To optimize sanitation, sidestep the urge to squeeze equipment into close quarters and instead work with a pest management professional to set up all equipment in wide, open areas of your facility. This placement will allow your sanitation team to reach the spaces above, beneath and to the sides of your machinery without any obstacles, and keep pest attractants to a minimum.

Self-Draining Equipment
It can be relatively easy to spot liquid and product buildup on the manufacturing floor or other surfaces at your facility; however, when liquids and products collect inside equipment, it is not always apparent. To be as cautious as possible, consider upgrading your equipment to a version with a self-draining component whenever you can. By taking this precautionary step, you are assisting in the prevention of dangerous bacteria growth and buildup that can—again—attract pests like cockroaches to your facility. If you cannot yet upgrade to self-draining equipment, make sure your sanitation team checks the interiors of your machinery when possible to manually drain or remove the liquids and products that may have collected. Sometimes checking the interior of machinery can be tricky, but a skilled maintenance professional can help design ways to gain access. Remember, machinery that goes without cleaning doesn’t just attract pests to the facility, it attracts pest to take up home within the machinery itself.

Structure of the Facility
No matter how positive your airflow, how well-placed your machinery or how upgraded your equipment may be, the structure of the facility will play a major role in whether your sanitary design and pest management plans are effective. Newer facilities are strategically designed to prevent pests. However, old buildings and warehouses where many food manufacturing companies call home, especially those that have been converted into food manufacturing facilities and were not necessarily designed for that purpose, can undermine some of the positive gains from sanitary design. Work with an inspector and pest management professional to have your building assessed for areas of concern such as wall voids, ledges, cracks and crevices. These areas serve as potential harborage for dust, debris and moisture—all of which can be pest attractants. Additionally, ensure that any old sewer systems or drains that are no longer in use are properly plugged to prevent pests from using these areas as entry points. This assessment will not only identify ways to help keep your sanitary design efforts from being weakened, but also keep pests from finding a way inside your facility.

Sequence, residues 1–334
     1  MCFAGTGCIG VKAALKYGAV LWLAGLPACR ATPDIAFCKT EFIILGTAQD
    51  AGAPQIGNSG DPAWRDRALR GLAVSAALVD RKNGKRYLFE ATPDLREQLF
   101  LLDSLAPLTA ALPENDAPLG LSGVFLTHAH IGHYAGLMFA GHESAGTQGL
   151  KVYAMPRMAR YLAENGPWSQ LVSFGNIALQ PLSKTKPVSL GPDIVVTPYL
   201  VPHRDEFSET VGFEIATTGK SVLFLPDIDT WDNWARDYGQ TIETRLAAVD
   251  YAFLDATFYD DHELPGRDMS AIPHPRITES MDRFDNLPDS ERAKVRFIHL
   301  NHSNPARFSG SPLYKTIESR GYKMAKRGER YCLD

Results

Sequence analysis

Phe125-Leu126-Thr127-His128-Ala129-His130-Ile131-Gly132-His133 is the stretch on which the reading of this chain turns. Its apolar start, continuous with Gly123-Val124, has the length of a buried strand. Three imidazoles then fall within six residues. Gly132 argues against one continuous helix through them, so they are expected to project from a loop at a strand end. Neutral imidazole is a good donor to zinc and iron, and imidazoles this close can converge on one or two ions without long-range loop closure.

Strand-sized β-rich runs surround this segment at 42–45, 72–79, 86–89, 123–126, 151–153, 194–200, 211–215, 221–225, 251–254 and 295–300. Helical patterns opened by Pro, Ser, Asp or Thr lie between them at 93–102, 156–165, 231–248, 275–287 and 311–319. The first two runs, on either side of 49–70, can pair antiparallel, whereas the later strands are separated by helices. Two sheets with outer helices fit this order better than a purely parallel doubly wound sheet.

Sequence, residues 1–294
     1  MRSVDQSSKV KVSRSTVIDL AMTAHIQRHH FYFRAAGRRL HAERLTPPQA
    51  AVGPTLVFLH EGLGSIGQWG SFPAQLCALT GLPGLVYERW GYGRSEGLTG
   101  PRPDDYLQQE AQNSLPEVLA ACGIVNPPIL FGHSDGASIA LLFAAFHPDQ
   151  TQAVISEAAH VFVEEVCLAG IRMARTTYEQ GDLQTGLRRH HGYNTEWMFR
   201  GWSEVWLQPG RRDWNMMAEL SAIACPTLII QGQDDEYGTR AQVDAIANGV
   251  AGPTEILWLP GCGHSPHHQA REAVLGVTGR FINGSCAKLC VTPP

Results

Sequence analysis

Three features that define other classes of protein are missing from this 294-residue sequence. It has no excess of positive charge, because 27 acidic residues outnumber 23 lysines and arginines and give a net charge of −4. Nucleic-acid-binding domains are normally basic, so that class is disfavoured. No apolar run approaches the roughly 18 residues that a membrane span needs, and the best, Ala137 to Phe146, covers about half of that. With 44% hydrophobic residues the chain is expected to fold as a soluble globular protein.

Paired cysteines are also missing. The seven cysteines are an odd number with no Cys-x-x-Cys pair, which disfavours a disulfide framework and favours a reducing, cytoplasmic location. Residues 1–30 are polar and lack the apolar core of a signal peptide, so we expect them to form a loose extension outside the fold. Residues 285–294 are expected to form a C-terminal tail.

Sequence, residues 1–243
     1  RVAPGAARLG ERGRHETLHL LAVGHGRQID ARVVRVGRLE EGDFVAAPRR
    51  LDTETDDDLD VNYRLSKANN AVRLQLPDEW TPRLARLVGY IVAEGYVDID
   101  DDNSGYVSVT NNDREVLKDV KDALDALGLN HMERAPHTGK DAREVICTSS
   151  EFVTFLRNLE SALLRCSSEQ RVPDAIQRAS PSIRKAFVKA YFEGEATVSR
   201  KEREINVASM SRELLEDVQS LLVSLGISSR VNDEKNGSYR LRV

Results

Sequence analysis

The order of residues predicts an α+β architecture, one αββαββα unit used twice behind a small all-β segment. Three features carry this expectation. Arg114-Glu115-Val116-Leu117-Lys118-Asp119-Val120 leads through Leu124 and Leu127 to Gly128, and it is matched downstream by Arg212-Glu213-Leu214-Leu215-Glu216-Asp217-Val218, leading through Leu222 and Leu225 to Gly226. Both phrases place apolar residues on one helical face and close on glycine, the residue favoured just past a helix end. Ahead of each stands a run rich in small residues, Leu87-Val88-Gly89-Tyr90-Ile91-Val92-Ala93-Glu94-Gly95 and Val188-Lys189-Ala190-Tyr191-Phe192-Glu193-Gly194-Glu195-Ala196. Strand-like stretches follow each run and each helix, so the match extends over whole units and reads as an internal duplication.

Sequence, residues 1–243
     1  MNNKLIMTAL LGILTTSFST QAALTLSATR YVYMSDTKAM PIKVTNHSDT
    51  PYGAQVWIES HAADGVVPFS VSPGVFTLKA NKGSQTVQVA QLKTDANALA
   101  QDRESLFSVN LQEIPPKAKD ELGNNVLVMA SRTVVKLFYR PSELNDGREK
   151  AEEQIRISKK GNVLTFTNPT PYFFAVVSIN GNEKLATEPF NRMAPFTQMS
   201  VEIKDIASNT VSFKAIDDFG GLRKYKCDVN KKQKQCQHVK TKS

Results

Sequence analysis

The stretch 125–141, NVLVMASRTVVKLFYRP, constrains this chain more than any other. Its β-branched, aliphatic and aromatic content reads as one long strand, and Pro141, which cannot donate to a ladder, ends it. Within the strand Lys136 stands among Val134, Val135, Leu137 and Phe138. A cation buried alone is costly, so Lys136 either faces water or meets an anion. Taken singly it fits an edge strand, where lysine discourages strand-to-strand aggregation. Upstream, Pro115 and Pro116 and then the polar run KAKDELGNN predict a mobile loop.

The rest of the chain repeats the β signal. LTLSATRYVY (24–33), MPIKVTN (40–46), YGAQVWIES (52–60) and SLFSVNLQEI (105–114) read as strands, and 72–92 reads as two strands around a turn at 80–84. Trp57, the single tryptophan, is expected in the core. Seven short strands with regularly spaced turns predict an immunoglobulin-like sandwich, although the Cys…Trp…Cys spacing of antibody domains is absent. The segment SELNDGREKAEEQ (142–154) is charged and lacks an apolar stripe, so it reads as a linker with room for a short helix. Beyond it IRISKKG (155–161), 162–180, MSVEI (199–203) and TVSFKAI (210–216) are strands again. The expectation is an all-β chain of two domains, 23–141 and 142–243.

As you approach the end of the year, keep these sanitary design concepts at the forefront of your mind. Also remember that you’ll reap even more of the long-term benefits of sanitary design when paired with IPM, so don’t waste any time in consulting a professional to begin setting your new plans in motion.

Ron Harrison, Ph.D., is an entomologist and director of technical services for Orkin and an acknowledged leader in the field of pest management. He can be contacted at ronharrison@rollins.com; visit www.orkincommercial.com for more information.